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Most parents of students today can safely say that they did not have cell phones when they were younger and definitely did not have one when they attended high school. Somehow, we survived our younger years without one because we knew no other way back then. Now, most of us do use cell phones every day and we can’t think of life without it. They appear to have become a disturbingly vital part of our lives.

If you take a look at kids today, you will find that children as young as ten are bringing cell phones to school. This begs the question, is it truly necessary, or is it overindulgence?

A hot debate topic is the pros and cons of cell phone use in schools. Should kids be allowed to bring and use their cell phones to school? This is a challenging question to answer due to the idealistic values associated with it and the societal restrictions raised.

We don’t aim to produce final answers, as the concluding authority stays with the parents and the school board. We can however bring light to both sides of the debate and let the readers decide for themselves.


PROS for cell phones at school

  1. The ability for a student to contact a parent directly in the event of an emergency or other situation. This is no doubt a great advantage and puts many parents at ease knowing their child can contact them if needed. If plans change, pick up location is different or there are emergency instructions, parents and students can be in touch with each other if needed.
  2. Students can have access to calling 911, police, hospitals, relatives, etc. More importantly that just calling parents, kids can call authorities if needed, providing security for both child and parents.
  3. Kids can use their cell phone as a tool to help in academics. Cell phone applications like access to the internet, camera and calculators can be used for learning purposes. A student can snap a picture of the notes on the board if there isn’t time to write down the information. He or she can also put in the date of an upcoming test in the calendar application and so forth.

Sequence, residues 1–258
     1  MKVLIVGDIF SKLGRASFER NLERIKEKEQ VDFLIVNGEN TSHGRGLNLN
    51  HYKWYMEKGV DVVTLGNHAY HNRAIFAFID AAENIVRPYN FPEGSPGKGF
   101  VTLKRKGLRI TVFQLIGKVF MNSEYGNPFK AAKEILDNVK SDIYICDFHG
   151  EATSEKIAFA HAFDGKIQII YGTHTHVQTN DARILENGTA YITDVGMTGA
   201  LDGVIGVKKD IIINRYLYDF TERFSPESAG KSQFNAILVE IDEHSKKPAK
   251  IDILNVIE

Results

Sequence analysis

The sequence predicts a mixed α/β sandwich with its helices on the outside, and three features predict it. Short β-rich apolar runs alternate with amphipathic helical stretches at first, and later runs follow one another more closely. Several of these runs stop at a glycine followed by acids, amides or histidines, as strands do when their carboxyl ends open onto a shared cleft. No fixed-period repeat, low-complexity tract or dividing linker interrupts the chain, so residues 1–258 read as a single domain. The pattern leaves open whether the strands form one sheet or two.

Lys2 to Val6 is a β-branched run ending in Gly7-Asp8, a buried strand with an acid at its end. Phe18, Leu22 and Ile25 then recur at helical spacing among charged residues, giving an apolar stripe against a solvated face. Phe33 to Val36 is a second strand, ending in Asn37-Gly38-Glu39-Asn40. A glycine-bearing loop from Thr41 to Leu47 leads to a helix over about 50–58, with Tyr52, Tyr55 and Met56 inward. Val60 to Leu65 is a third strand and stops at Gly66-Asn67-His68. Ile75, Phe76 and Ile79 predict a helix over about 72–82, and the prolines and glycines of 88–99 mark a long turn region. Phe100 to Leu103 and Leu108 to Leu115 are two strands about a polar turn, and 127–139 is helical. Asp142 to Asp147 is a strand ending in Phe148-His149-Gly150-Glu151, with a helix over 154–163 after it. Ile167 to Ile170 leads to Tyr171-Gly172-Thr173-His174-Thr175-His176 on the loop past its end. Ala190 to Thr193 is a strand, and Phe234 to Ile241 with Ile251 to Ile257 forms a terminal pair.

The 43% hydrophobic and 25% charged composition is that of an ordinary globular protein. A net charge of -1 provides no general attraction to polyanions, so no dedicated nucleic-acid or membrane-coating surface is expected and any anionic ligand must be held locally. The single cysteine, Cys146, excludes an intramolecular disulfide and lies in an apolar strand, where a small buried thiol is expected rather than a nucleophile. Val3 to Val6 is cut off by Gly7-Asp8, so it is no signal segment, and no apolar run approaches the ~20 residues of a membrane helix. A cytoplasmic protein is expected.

4. Teachers can have students use cell phone to access information online. There are many websites that can be used for academics. If a teacher wants to utilize a website for a lesson, students can access it on their cell phones. Students who are allowed access to their phones for these types of lessons learn concepts more easily and thoroughly.


CONS for cell phones at school

  1. Students can text during class time. There is no guarantee that a student would not text or use applications for personal use during class hours. Not only is this a distraction to the student and class, it detracts from the focus of their studies and the general learning process.
  1. Cell phones in the classroom can disrupt the lessons of the teacher. When a phone rings or even when it’s on vibration mode, the instructor could lose his or her focal point in teaching. This can result in a considerable disadvantage affecting the whole class.
  1. Using a cell phone in class is immensely disrespectful to the teacher who is directing the class. The time, energy and effort that the teacher is giving to her students can be negated with the improper use of cell phones by students.
  1. The Inappropriate use of cell phones by students can disrupt school safety. Some students may use applications unlawfully and pose a risk to the emotional and mental health of others. For example, they might take pictures or record videos that are questionable in nature or call the school with a threat to prank or have classes cancelled. Cell phones could be used for thefts, drug deals and other illegal activities.
  1. Students could use their cell phones for cheating. With access to the internet on their phone, the opportunities to cheat in class are readily available. Texting a friend for answers, referring to the internet for answers, or even viewing an image from a textbook on their phone to cheat. Obviously, cheating does not help students but actually hinders them from working hard.
  2. Not all students have cell phones creating an imbalance in opportunity. In some areas only the wealthy kids have cell phones. Social problems like ridicule, jealousy, bullying and theft can result from this. This makes adjusting in school rather difficult for some students.


The advantages and disadvantages of having cell phones in school are many, and each one boils down to its own array of valid points. This makes coming to a conclusion for everyone hard. Having a proper discussion about these issues with the school board and parents is a good way to deal with this.

However, parents may want to decide for themselves about their own child. First, talk with your child about cell phones at school and how it affects their class time and learning. Then ask yourself, is my child having a cell phone at school leading to his or her education or is it mostly a distraction?